- Open Payments: Doctor payments for research and sponsorship
- Canada’s Federal Open Data Portal
- US Federal Open Data Portal
- Statistics Canada: aggregated demographic and industry information
- Open Knowledge Foundation: a global community of advocates for open government of all types
Commit yourself to spend one hour online, and simply enter “open data” in your search engine. You will find more information than you ever knew was available online, most free for use. (Fair warning: if you’re a data explorer, you will spend way more than an hour, guaranteed).
Wait, Are They Putting MY Personal Information Online?
By and large, the answer is “no”. In general, governments are the LEAST likely to publish personal/private information in the public domain. Internal government regulations are often much stronger than the regulations enforced on all enterprises for consumer privacy.
Don’t let the news articles fool you – government agencies are also much less likely to experience a breach than your typical corporation (which are also very unlikely to give out your data unintentionally). What won’t you find often with government agencies?
Attempts to “monetise” their data, in the way that many companies are trying to do today. Governments deal in public records, and you can trust that if it’s published, it’s intentional, follows the law, and the contents are considered fit for public use.
Public data from government agencies is almost always aggregated data (roll-up of multiple records, like the # of people who speak Korean in a census tract), or anonymiseddata (personal data removed from the record so the person cannot be located).
There are some exceptions, though, where you may find your personal name out there in a public database. Your address will always be what you gave the government on creating your record (personal, university, or business):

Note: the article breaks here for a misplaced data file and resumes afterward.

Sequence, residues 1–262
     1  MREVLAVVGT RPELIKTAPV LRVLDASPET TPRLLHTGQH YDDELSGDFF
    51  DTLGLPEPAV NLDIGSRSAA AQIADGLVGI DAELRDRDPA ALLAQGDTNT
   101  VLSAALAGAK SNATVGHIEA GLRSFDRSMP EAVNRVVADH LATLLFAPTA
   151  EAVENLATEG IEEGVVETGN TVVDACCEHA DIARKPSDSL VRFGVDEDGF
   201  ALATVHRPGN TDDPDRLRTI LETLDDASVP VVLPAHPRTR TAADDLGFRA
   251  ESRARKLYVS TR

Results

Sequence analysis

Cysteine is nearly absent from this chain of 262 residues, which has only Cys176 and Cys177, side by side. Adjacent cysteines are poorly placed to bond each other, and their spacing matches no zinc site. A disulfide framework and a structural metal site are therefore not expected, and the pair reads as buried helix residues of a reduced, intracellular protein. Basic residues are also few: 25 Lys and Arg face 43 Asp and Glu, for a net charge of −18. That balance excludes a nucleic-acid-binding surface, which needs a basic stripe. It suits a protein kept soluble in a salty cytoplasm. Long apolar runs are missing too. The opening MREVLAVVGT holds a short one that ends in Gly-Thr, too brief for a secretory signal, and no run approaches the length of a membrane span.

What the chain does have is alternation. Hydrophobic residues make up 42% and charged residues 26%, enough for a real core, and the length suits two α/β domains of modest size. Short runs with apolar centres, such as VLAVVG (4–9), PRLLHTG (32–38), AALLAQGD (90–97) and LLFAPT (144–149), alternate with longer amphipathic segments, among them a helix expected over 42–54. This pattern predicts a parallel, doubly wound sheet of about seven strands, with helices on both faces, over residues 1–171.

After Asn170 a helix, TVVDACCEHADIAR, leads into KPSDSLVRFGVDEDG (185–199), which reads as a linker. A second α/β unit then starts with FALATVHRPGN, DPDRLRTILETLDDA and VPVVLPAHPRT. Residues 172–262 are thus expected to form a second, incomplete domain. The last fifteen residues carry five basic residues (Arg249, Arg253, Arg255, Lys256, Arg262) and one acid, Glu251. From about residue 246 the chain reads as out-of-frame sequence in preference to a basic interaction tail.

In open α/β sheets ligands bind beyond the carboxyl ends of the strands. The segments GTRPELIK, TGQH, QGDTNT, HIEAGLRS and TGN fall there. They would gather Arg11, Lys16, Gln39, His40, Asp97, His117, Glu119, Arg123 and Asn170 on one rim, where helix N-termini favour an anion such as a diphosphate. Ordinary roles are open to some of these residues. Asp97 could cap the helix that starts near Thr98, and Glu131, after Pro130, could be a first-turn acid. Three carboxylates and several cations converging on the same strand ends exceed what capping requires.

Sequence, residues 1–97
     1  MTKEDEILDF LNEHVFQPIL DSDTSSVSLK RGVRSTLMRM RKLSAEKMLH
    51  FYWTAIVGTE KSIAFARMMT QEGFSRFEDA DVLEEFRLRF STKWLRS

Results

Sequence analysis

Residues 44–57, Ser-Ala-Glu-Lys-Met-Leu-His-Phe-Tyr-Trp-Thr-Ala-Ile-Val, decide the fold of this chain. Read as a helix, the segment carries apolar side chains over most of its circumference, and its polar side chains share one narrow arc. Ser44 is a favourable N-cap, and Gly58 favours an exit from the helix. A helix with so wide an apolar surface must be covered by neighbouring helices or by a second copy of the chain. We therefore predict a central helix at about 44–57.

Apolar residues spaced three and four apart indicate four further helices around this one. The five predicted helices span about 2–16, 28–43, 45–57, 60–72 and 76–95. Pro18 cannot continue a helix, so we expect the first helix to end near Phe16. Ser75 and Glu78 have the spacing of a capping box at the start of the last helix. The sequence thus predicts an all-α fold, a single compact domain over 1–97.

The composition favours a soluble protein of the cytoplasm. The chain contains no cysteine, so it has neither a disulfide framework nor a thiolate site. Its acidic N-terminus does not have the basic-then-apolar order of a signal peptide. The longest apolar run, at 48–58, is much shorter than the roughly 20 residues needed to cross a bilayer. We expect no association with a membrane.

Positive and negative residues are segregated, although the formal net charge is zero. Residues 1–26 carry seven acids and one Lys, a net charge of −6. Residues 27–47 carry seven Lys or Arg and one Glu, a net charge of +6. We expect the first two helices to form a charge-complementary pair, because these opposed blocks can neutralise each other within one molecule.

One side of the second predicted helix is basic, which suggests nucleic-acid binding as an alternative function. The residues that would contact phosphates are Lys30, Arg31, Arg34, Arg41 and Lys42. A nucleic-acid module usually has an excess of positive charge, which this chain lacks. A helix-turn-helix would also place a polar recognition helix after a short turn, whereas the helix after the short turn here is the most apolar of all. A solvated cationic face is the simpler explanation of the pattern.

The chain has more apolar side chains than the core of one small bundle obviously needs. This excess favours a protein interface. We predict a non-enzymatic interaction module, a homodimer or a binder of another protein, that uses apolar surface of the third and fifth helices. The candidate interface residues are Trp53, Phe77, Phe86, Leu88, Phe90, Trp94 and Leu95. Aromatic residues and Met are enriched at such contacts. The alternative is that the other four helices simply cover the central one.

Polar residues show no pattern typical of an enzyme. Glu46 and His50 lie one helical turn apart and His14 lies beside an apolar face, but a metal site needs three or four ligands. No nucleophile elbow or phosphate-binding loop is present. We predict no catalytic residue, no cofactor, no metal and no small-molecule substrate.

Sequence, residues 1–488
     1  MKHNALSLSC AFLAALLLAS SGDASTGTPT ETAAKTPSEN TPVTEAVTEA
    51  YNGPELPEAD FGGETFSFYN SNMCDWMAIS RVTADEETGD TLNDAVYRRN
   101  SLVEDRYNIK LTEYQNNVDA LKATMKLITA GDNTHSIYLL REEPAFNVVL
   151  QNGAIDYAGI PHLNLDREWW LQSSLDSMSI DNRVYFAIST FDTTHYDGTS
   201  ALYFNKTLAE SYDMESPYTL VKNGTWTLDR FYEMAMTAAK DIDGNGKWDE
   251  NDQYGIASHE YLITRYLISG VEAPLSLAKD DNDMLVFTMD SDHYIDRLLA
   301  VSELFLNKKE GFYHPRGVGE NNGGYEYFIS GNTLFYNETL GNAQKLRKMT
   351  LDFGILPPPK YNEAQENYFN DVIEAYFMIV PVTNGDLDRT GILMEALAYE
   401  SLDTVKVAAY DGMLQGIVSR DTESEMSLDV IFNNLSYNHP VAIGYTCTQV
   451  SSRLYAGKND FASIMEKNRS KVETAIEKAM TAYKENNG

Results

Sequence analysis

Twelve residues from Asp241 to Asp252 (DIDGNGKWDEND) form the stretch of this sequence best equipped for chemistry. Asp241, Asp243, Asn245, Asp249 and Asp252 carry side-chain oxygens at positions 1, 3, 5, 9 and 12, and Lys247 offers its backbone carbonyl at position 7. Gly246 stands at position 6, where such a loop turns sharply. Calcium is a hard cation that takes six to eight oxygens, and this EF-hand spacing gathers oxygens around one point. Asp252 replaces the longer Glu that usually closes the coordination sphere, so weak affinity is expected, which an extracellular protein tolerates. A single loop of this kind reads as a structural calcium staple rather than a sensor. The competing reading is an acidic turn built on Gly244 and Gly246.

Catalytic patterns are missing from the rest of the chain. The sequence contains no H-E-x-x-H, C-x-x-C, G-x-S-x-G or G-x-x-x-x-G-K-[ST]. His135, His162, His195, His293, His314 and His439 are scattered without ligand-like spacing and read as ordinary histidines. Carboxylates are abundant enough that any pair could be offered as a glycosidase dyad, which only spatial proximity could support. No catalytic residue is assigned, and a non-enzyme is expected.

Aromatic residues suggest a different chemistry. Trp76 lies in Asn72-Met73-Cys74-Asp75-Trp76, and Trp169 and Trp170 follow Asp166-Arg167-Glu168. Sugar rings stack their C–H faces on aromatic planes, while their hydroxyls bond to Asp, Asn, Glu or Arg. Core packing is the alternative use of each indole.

- You lead a research project funded by public sources
- You receive an award or are on an official register
- You are involved in a bid to provide government services
- You make a political contribution to a candidate or party
- You own a business or are have a business licence to perform a service
It’s this last category that forms the basis of the rel8ed.to Advanced Data solutions. We spend much of our time locating and processing Open Data from 100’s of North American public data sources to create unique views of corporations for our clients.
Most of the data we process is corporate information, but if you own the company or are a licenced operator or agent at that company, your name record is part of the public record, too.
So What Would Old Abe Say About Open Data?
Knowing his history as a politically-savvy lawyer representing powerful interests, Lincoln may have paused before completely opening up government datastores to the public in his time. His log-splitter routine was a solid PR move, and quite successful at that. He was a shrewd operator who knew how to cut deals and take care of his allies — Remember, he was nominated in the City of Chicago, after all!
And yet, the context of society has changed significantly over the last 40 years. From a political perspective, the Open Government movement has the chance to be a sure winner with the public, as long as private data stays private – and it will. Lincoln, in the context of today’s opportunities, would very likely land on the side of openness.
Maybe not with quite the same flair as Mr. Trudeau, which might be a good thing. More and more cities, regions, and nations are opening up their storehouses in the name of Public Good, and the results in the market demonstrate that Open = Good for People.
At rel8ed.to, we believe that Open = Good for Business as well. If you’re in business today, you’re already using this information in mundane ways – whether you think about it or not. The real question for businesses in the Data Economy is: what can Open Data do for me? Can I trust it? Can it be cleaned, made actionable, and predictive of a company’s success in the market?
The answer to this question is a resounding “yes”. You just need to know how to use it.
This post was written by Bob Lytle